"There's a spiritual element to sport. For me there's a spiritual element to basketball that I'm connected to. Some people have a quiet space in their home as a refuge. Some people go to place of prayer or worship for solace, quiet or fellowship. Some people go out on a hill to do yoga and talk with their God."

"The basketball court is my sanctuary. I pray for peace before I go on the court to play. I pray that I keep calm and peacefully express my passion and love for the game. If I'm having a challenging time in my life, I can go put up two, three, 400 shots and I relieve my stress. That 94 feet is my sanctuary!"

Shortly after arriving in Zambia, Atkins joined a men's fellowship basketball group that gathers on Saturday mornings at the Zamsure Sports Complex in Lusaka. The group, which has existed for more than 15 years, prays together before each session.

"Participating in groups like the men's fellowship on Saturday mornings and being active in the basketball community throughout Zambia and Southern Africa, I have been able to help young people prepare for high school and college in the United States and other countries."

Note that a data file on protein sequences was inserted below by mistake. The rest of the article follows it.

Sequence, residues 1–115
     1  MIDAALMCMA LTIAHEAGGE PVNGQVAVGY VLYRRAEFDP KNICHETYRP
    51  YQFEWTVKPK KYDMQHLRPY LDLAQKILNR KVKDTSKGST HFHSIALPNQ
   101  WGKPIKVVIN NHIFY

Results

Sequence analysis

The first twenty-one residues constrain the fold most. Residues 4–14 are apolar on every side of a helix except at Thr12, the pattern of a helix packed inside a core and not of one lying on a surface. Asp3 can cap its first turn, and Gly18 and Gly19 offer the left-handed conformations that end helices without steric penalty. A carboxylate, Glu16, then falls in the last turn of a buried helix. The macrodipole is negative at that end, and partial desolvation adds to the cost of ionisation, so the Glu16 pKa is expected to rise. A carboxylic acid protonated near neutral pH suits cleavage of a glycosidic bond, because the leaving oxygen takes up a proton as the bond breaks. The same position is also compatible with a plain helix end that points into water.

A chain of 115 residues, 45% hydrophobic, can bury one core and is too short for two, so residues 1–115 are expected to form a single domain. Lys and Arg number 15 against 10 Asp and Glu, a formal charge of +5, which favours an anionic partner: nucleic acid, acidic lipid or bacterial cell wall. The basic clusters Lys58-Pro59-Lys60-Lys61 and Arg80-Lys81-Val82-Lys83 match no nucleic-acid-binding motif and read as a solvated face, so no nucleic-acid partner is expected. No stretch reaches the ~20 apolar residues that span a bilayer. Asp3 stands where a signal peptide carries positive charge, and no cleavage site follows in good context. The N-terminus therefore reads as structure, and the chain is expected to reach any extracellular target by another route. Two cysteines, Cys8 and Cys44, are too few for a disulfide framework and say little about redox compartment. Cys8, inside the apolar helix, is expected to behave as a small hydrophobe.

Atkins formed the Basketball Academy of Excellence and has aided several of Zambia's high performing basketball players develop athletically and academically. Working closely with at least 50 students (10 having earned opportunities to study abroad), Atkins has honed his coaching skills by participating in the Federation of International Basketball Association (FIBA) related coaching engagements among many other development programs for basketball coaches.

"I'm pretty good at teaching things, helping others to become great student-athletes and citizens. I take my ability to reach young people through the sport of basketball, and through the Basketball Academy of Excellence, seriously. I want to impact as many young people as I possibly can. Not only that, I want to continue to raise awareness that basketball is able to inspire change for those that want to become better citizens. I want people to know how they can use sport to get a higher education, to earn a formal education, to transform their lives and communities," said Atkins.